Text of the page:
When it comes to blood sugar levels, the numbers always seem to confuse people. So we’re here today to cover a whole range of reader questions that have come in.
If you have questions of your own, join the discussion – please feel free to leave your comments at the bottom. 🙂
Healthy blood sugar goal ranges
Healthy blood sugar control values will depend on several factors, the most important being when you check it.
Blood glucose levels will rise after eating meals regardless of whether a person has diabetes–however, someone with good control will be able to bring it down to a stable level after 2 hours.
The diagnostic values below are for non pregnant adults with type 2 diabetes. Ranges are different for children, those with type I diabetes and pregnant women.
AFTER MEALS 2 HOURS
70-99 mg/dL (4-6 mmol/L)*
<140 mg/dL (<7.8 mmol/L)**
100-125 mg/dL (6.1-6.9 mmol/L)
>126 mg/dL (>7 mmol/L)
6.5% and higher
*Note that different agencies establish different standards. Some range 70-100 mg/dL, some 70-110 mg/dL, some 70-130 mg/dL
**Some agencies recommend <180 mg/dL post-meal especially in the elderly and those who have had diabetes for a very long time
What should your goals be? That is between you and your healthcare team because it does depend on various factors. But overall your goal is to gain good control of your diabetes, which means maintaining normal levels or getting as close to normal levels as possible (refer to the normal numbers above).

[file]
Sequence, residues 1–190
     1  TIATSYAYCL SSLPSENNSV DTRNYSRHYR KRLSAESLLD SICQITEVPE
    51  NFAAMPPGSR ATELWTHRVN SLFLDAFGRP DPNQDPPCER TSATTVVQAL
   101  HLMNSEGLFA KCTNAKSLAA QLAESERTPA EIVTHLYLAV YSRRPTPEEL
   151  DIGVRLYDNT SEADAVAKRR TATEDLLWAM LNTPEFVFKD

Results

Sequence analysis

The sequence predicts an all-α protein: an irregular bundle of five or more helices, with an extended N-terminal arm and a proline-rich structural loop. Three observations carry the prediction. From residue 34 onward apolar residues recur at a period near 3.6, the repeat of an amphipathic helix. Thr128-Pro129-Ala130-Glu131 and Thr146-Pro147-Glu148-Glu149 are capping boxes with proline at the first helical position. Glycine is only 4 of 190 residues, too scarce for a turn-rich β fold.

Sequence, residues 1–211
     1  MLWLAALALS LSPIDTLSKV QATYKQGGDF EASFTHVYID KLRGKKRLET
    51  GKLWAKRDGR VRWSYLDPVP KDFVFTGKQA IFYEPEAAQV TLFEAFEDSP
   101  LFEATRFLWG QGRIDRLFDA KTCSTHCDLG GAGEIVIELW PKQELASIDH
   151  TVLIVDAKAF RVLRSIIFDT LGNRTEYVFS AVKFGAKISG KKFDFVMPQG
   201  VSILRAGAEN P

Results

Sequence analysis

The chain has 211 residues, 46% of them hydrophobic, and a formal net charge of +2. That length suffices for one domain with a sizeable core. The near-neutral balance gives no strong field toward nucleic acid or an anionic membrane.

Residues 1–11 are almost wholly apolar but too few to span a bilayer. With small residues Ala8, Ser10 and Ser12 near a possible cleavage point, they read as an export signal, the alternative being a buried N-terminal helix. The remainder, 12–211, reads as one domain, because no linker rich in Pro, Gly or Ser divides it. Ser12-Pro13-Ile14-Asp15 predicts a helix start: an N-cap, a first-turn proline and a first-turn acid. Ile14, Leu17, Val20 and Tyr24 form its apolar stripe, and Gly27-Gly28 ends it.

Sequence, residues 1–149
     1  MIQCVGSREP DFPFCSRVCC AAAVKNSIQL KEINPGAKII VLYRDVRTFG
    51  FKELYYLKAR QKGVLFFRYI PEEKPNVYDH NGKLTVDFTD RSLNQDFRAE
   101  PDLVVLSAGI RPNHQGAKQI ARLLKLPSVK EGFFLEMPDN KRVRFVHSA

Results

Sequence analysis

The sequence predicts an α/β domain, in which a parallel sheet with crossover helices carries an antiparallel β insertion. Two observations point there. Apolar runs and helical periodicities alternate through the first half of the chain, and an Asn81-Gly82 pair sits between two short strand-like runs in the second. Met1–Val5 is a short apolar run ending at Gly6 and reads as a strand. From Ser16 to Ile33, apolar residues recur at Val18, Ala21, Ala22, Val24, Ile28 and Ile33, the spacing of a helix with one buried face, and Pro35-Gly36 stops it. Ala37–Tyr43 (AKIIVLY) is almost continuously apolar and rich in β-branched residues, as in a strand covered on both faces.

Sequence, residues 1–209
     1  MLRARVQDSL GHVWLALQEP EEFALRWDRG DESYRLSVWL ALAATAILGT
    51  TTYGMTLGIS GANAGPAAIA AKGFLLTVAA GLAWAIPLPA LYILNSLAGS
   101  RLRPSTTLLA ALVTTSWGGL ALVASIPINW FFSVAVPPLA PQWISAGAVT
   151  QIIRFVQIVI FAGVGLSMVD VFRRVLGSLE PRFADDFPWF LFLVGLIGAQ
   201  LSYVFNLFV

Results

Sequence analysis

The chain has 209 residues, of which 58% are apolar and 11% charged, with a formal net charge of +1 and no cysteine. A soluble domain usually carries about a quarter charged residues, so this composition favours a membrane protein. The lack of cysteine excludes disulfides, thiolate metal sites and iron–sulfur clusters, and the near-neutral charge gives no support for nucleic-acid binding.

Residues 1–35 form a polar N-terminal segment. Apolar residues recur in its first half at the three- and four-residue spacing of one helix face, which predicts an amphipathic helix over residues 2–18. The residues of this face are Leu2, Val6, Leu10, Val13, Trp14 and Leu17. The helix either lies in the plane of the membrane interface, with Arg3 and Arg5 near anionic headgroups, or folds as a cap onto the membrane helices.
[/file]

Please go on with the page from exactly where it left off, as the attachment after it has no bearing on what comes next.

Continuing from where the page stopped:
We’ve answered some specific questions regarding blood sugar over here, so be sure to check those out as well.
Some specific comments and questions we’ve received regarding blood sugar levels include:
1. My post meal is hovering around 140-160, what steps can I take to reduce it? My meals are well-regulated and low carb.
I would be curious as to your pre-meal reading and compare the two. While 140-160 (7.8-8.9) is slightly higher than optimal, it’s not that far out of range. Below 140 (7.8) post meal is very good. ADA goals recommend post meal readings under 180 (10), which you would meet but below 140 (7.8) is always a better goal to aim for.
My other question would be how long after meals are you checking your sugars?
It should be 2 hours from the first bite of your meal. If you are checking too soon after, insulin has not yet had sufficient time to bring them down to a reasonable level.
Finally, be sure you are including sufficient protein and fat with your meals, which will help to slow down the post-meal rise and keep it more stable. In addition check this info for more ways to keep your blood sugar controlled.
2. So my doctor has me checking my blood sugar and I am supposed to bring her my results in a week. However on this, my first day I am lost when it comes to understanding my readings! When I feel normal it’s at 112 (6.2) but when I feel sick or shaky its at 65 (3.6). Can you explain please?